Tech Sassy Girlz Presents 5th Annual Conference
Presented by Oracle Academy Event Provides Opportunity to Learn About STEM Careers,
Hands-On Demos, Engineering Design Challenges and Networking with Women Tech Leaders
(Orlando, Fla.) – Tech Sassy Girlz, the signature outreach program of Collegiate Pathways, Inc., (CPI) is hosting its fifth annual conference, geared to middle and high school girls, on Saturday, October 22nd at the College of Engineering & Computer Science at the University of Central Florida (UCF). Presented by Oracle Academy, the one-day event will provide hands-on fun demonstrations, engineering design challenges, a UCF campus tour, as well as the chance to network with women technology business leaders to learn more about careers in Science, Technology, Engineering and Math (STEM). It also includes a special session geared specifically for parents.
According to national research, in 2018, 8 million STEM jobs will be available in the United States, but the vast majority of U.S. students will be unprepared to fill them. 51 percent of all STEM jobs are projected to be in computer science-related fields. The Federal government alone needs an additional 10,000 IT and cybersecurity professionals, and the private sector need many more. STEM fields are at the core of the nation’s innovation. “Tech Sassy Girlz was created to stop the statistic that every 26 seconds a student drops out of high school. For years, my dream was to change this and develop a pipeline for future women leaders in STEM,” says Laine Powell, M.Ed., MSM, CPI Founder. “My friends finally got tired of hearing me talk about my dream and pushed me to do something about it. Thus, I founded Collegiate Pathways in 2012, and the rest is history. Our programs are sparking interest in young girls that will open doors and expand their vision. We are cultivating innovators, makers and pioneers of the future.”
In September, Tech Sassy Girlz became an official partner of the White House initiative Computer Science for All (CSfor4All). Its goal is to empower all students from kindergarten through high school to learn computer science (CS) which is being widely recognized as a “new basic” skill necessary for increased economic opportunity and social mobility.
“Computer science and data science are not only important for the tech sector, but also for a growing number of industries, including transportation, healthcare, education, and financial services, that are using software to transform their products and services. In fact, more than two-thirds of all tech jobs are outside the tech sector,” says Powell. “It gives students opportunities to be producers, not just consumers, in the digital economy, and to be active citizens in our technology-driven world,” she adds.
In 2015, research showed that only 22 percent of students taking the Advanced Placement (AP) Computer Science exam were girls, and only 13 percent were African-American or Latino students. These statistics mirror the current makeup of some of America’s largest and more innovative tech firms, where women comprise less than one-third of their technical employees, and African-Americans less than 3 percent.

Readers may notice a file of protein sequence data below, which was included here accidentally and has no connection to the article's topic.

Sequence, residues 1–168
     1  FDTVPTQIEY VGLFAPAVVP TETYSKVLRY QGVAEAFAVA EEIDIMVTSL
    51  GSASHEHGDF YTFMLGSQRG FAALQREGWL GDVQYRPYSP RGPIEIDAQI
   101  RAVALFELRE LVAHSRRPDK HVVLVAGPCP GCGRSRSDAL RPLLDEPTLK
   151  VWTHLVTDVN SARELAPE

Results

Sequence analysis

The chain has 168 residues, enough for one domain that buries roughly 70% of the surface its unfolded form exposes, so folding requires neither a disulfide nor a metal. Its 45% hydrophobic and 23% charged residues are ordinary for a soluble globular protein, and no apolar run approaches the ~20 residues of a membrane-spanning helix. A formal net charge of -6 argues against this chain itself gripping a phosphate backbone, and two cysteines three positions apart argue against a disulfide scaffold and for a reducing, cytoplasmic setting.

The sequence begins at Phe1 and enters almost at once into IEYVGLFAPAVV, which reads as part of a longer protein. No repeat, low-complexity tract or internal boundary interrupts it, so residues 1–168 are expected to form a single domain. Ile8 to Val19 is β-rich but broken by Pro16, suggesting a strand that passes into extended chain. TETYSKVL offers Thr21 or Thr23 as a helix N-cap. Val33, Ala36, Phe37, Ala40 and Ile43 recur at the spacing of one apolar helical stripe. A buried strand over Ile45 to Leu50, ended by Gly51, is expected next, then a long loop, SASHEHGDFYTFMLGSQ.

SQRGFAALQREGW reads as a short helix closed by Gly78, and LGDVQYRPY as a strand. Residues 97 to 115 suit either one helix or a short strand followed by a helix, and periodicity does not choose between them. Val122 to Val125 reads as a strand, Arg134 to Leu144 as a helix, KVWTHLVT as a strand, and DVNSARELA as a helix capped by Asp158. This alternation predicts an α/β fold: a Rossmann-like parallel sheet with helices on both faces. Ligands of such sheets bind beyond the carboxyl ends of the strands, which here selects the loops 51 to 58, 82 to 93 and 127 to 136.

CS can help foster computational thinking skills that are relevant to many disciplines and careers, such as breaking a large problem into smaller ones, recognizing how new problems relate to ones that have already been solved, setting aside details of a problem that are less important, and identifying and refining the steps needed to reach a solution. Conferences and events that foster STEM by providing access to mentors and immersion are helping to inspire young girls. CPI’s Tech Sassy Girlz program empowers and encourages underrepresented middle and high school girls to pursue STEM fields through college preparation, career readiness, and mentoring.
Featured conference speakers include:
- Raina Yancey – Senior Technical Engineer, Oracle Corporation
- Arlene Walker – Senior Director, Customer Success Management for Oracle Corporation
- Grace Johnson, Technical Project Manager, NASA
- Benita Desuza, Community Connection & Program Analyst, NASA
- Stephanie Valderrama – Creative Director/Social Architect, Limbitless Solutions
- Sabrina Torres – Mechanical Engineering student, UCF, Limbitless Solutions
- Ken Falana – Principle Technical Support Engineer, Oracle Engineered Systems Support Engineering
- Eric Hylick – Senior Technical Engineer, Oracle Corporation
- Joyce Odongo – Senior Community Development Officer, Wells Fargo
The free conference is open to middle and high school girls and takes place from 10am – 4pm at UCF, with lunch included. To register and obtain more details, visit the events section of the website at www.collegiatepathways.org or email TSG@collegiatepathways.org. Seating is limited so advanced registration is required.